Haunted Australia, Scholastic Australia (Sydney, New South Wales, Australia), 2005.
Contributor of fiction to Cricket magazine.
A writer of picture books and novels for children, Australian author John Heffernan has written two series for young readers, including the "Mythos" trilogy, which contains the novels CBD and GBH. The "Mythos" trilogy is a science-fiction series set in the far future, where the city of CBD is facing severe onslaught from barbarians. According to Heffernan, the novel "has a rural component, but is largely set in the city. A futuristic book for young adult readers, CBD tells the tale of a powerful tribe that has built its tiny walled city in the ruins of what had been Sydney's central business district."
Heffernan's first book, Spud, and its sequels Chips and Pup, introduce readers to a family of cattle dogs who live and work in the countryside of Australia. "Spud is about a blue heeler," Heffernan once noted, adding that the novel "gives a picture of life on the land through the dog's eyes." Spud was chosen as a notable book by the Children's Book Council of Australia.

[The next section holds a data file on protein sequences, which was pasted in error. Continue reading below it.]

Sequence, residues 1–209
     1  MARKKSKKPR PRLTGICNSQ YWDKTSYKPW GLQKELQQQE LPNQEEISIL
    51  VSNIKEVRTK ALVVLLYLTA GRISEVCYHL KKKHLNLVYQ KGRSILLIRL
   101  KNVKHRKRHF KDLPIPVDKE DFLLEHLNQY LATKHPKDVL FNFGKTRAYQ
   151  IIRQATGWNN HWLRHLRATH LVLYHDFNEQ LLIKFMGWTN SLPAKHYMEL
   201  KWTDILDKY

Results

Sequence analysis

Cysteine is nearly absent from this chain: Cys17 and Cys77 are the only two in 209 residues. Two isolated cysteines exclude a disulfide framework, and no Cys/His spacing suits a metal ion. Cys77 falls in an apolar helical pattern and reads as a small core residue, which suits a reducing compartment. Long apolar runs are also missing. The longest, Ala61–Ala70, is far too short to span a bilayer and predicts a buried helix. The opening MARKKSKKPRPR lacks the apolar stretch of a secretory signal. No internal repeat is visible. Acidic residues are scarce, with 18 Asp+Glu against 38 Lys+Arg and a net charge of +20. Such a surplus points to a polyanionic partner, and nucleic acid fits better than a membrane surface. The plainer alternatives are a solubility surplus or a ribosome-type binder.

For animal lovers who enjoyed the dog stories in Spud and its sequels, Heffernan has penned another animal adventure, A Horse Called Elvis, and authored the picture book My Dog. Featuring illustrations by Andrew McLean, My Dog focuses on a young boy named Alija whose unnamed dog helps him to endure a period of adversity while he searches for his family in war-torn Bosnia-Herzegovina.
Discussing his books, Heffernan once told SATA: "Rachael's Forest takes up the theme of rural recession and a family's fight to save their farm. This book was shortlisted by the Wilderness Society for the Environment Award for Children's Literature. My third book, Pete Paddock-Basher, is for younger readers, and tells three fast-moving stories about an old farm car who dreams of kicking his heels up and going to town. More than Gold is about the start of an Olympic journey, not just for one boy, but for a whole town."